Damien Lovegrove learned his trade as a cameraman and lighting director during 14 years at the BBC, working on programmes such as the Clothes Show, Top of the Pops and Casualty. Fifteen years on, Damien has become one of the foremost trainers of photography and entrepreneurial business strategies in our industry. A published writer and regular columnist, Damien has travelled the globe sharing his knowledge and expertise. “Photography fascinates me” declares Damien. "Much of my photography is inspired by a burning enthusiasm within me” explains Damien. “Picking up a camera gives me such a rush that I’m instantly driven to create pictures.”

65 thoughts on “Fujifilm X-Pro 1 ~ 8000 frame user review

  1. Lovely summary Damien. You are right of course – people who are willing to invest some time in this system will soon realise quite how wonderful it is.

  2. Great and insightful post Damien. I speak for a lot of people i imagine when i say i really appreciate your unbiased and honest reviews of kit. It’s nice to see someone speak up the pro’s and con’s of a system and only deliver these once they have put some serious time in with it.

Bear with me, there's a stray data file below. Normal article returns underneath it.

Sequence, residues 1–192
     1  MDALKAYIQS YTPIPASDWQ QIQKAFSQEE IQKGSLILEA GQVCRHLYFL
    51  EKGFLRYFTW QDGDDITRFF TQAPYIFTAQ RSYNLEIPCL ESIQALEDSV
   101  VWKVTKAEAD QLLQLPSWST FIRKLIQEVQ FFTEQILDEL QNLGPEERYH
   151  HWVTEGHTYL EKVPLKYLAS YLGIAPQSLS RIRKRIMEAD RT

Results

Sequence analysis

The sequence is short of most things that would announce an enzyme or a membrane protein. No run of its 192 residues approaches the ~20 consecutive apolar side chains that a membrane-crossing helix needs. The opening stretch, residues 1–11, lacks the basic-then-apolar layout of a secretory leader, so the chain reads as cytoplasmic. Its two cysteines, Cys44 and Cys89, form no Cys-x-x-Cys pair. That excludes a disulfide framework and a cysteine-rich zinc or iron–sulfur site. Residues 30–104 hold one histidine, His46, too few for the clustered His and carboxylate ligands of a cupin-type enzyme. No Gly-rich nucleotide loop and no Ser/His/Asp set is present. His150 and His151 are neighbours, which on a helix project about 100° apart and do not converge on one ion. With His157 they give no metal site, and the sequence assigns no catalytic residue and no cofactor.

It’s a camera that really interests me and i can see one will join my kit at some point. For now i am still in awe of what my 5D3 is producing with the L primes and i don’t have the kind of work that would make an X-Pro1 kit a sensible purchase.

    Keep the blog posts coming, they are always a fantastic read!

    Have a great weekend.